The year 2016 was quite fruitful for the marijuana industry. It witnessed many legal victories and some major research in the field. Despite the strong opposition of cannabis legalization, numerous studies have shown us that legal co-existence is quite possible. Here are some major studies that turned out to be groundbreaking last year.
In 2016, a crucial study was conducted on the influence of marijuana legalization on workplace absence due to sickness. It showed the decrease of sickness absence in the states with active marijuana laws. The research was based on the monthly Current Population Survey conducted by the Census Bureau. This investigation was inspired by an earlier study that had determined the connection between alcohol consumption and weed legalization. Considering the fact that a huge part of workplace absence is accounted for by heavy drinkers, the situation was bound to change with the legalization of weed. However, there is always a possibility that new easy access will turn people into heavy stoners, and the sickness absence will increase.
The decline in workplace absence is modest but statistically significant. Moreover, the decline is most pronounced among middle-aged males—a group that is most likely to have medical cards. Besides, those states that have “lax” cannabis laws show a greater decrease than those that have strict laws. Alongside the decrease in alcohol consumption, suicides, and traffic fatalities, the findings of this study create a positive image of marijuana's influence on the society.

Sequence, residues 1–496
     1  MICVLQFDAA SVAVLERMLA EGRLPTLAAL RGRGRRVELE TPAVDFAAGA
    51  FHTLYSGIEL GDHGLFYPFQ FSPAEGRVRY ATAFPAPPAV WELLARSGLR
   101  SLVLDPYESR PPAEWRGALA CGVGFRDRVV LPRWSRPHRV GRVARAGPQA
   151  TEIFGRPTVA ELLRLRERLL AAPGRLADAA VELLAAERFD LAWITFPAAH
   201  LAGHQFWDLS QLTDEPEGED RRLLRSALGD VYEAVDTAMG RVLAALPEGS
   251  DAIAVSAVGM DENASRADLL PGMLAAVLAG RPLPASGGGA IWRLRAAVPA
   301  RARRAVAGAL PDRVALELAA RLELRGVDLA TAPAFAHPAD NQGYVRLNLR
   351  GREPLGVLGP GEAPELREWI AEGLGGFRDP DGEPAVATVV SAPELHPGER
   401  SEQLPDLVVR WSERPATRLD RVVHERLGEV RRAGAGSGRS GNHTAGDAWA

Another major study of the year showed us that once cannabis was legalized, many prescription drugs were replaced with medical marijuana drops. To investigate what happens to prescription drugs after the implementation of medical marijuana, the researchers used the data provided by the government program Medicare Part D. As the program is focused on the adults aged 65 and older, the research was limited to this demographic group. The data was also broken down by conditions.
As a control analysis, the scientists used the data on those drugs that have no cannabis alternative—the number of prescribed doses remained the same.
Among all conditions, pain showed the largest decrease in the use of prescription drugs. Considering the opioid epidemic raging throughout the states, the results are impressive. Cannabis can be an alternative to some very addictive prescription drugs.
One of the most important findings of the year in terms of cannabis legalization is that contrary to popular opinion, the use of marijuana among teens does not increase with the introduction of marijuana law. Moreover, the same study claims that the use of alcohol and controlled drugs has remained the same or even decreased in some cases.
An annual survey Monitoring the Future studied the data received from 45,000 teenagers. Among 8th and 10th grades, the use of cannabis and alcohol has decreased; 12th grades show steady results. In general, 2016 demonstrated lower numbers of marijuana use in comparison with 2015. So, the major prohibition argument can be considered demolished.
The question whether long-term marijuana use has any impact on teens' cognition is one of the most complex issues of the field. Previously, a few studies had suggested that the long-term use of cannabis that derived from adolescence led to cognitive decline. However, a 2016 study claimed that there was no association between IQ or educational attainment and cannabis use. Besides, teens who use weed are more inclined to the consumption of other drugs and alcohol, as well as have behavioral troubles. All these aspects are correlated with each other, and it is hard to tease apart all the variables. When the researchers controlled for the use of cigarettes and illicit drugs, the negative association of cannabis was diminished.